Assessment of arsenic and lead contamination at a mine site in Australia using a health risk approach

Diacomanolis, V., Noller, B. N. and Ng, J. C. (2007). Assessment of arsenic and lead contamination at a mine site in Australia using a health risk approach. In: Waste Recycling and Reuse. CRC CARE Contamination Cleanup 07, Adelaide, South Australia, (). 24 - 28 June, 2007.

Author Diacomanolis, V.
Noller, B. N.
Ng, J. C.
Title of paper Assessment of arsenic and lead contamination at a mine site in Australia using a health risk approach
Conference name CRC CARE Contamination Cleanup 07
Conference location Adelaide, South Australia
Conference dates 24 - 28 June, 2007
Convener CRC Care and EcoForum
Proceedings title Waste Recycling and Reuse
Place of Publication Salisbury, South Australia
Publisher CRC for Contamination Assessment and Remediation of the Environment
Publication Year 2007
Year available 2007
Sub-type Fully published paper
Issue c7057
Collection year 2008
Language eng
Abstract/Summary The National Environment Protection Measures (NEPMs) guidelines for soil contamination in Australia identify a need to undertake further assessment of the site if the Health Investigation Levels (HIL) are exceeded (NEPC 1999). It was identified (Ng et al., 2003) that the current NEPM’s do not provide accurate close out criteria for mined land. Labile metal species are considered to be more biologically active than non-labile fractions. There are a number of tests for availability of toxic materials from single components and from mixtures (Tessier et al., 1979) and arsenic species in mining wastes (Noller et al., 1997), which are generally based on the assumptions that greater solubility enhances bioavailability. Although the chemical speciation obtained by sequential extractions is often believed to relate to bioavailability, in the absence of bioavailability data it must be assumed that metals and arsenic are 100% bioavailable. In many cases it has been demonstrated that bioavailability of contaminated soil is usually a fraction of 100% (Ng et al., 2003). Absolute bioavailability is measured via animal uptake but is expensive and time consuming. A more practical approach is to use in-vitro PBET (physiologically based extraction test) to determine the bio-accessibility of individual soils. The PBET method has demonstrated good linear correlation with both Sprague-Dawley rats (lead) and with rabbits and monkeys (arsenic) (Ruby et al., 1996). This study uses a combination of bioaccessibility and bioavailability measurements to provide a site-specific human health risk assessment. It focuses on arsenic and lead soil concentrations, at a mine site in Australia after decommissioning and rehabilitation and takes into account an assessment of the reliability of using the PBET approach.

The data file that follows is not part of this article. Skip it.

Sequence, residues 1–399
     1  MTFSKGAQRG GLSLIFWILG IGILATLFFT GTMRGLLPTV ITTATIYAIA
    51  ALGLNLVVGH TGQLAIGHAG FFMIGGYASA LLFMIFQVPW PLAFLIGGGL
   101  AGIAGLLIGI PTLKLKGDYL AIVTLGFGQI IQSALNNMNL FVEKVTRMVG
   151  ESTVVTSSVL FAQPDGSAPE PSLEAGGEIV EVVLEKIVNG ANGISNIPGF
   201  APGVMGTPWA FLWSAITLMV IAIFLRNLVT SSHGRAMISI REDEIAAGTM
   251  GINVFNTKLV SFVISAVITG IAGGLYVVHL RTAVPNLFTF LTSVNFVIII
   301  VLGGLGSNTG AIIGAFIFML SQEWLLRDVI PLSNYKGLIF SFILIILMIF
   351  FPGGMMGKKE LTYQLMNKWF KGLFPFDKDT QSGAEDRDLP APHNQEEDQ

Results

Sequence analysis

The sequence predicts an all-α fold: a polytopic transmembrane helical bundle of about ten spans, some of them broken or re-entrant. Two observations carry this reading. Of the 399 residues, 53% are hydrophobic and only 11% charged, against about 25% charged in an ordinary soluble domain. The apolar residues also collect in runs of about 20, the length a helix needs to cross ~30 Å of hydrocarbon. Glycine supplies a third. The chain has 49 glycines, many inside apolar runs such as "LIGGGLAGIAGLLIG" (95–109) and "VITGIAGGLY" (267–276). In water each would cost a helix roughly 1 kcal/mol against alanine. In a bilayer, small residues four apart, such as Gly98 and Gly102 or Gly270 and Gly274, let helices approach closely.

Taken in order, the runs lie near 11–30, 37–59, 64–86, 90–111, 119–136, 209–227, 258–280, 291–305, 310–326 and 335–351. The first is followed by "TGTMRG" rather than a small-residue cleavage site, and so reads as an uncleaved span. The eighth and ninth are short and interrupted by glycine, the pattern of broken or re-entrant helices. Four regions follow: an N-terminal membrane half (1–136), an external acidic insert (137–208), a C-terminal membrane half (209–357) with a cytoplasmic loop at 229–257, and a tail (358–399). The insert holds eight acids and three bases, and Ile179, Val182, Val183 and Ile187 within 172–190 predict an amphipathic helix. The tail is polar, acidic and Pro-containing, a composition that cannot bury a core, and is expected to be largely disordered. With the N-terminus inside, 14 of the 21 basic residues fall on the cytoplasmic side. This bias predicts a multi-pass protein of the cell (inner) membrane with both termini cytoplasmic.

Subjects 250409 Quality Assurance, Traceability and Metrological Chemistry
300804 Environmental Impact Assessment
771005 Integrated (ecosystem) assessment and management
Q-Index Code E4

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Created: Wed, 14 May 2008, 13:04:04 EST by Marie-Louise Moore on behalf of National Res Centre For Environmental Toxicology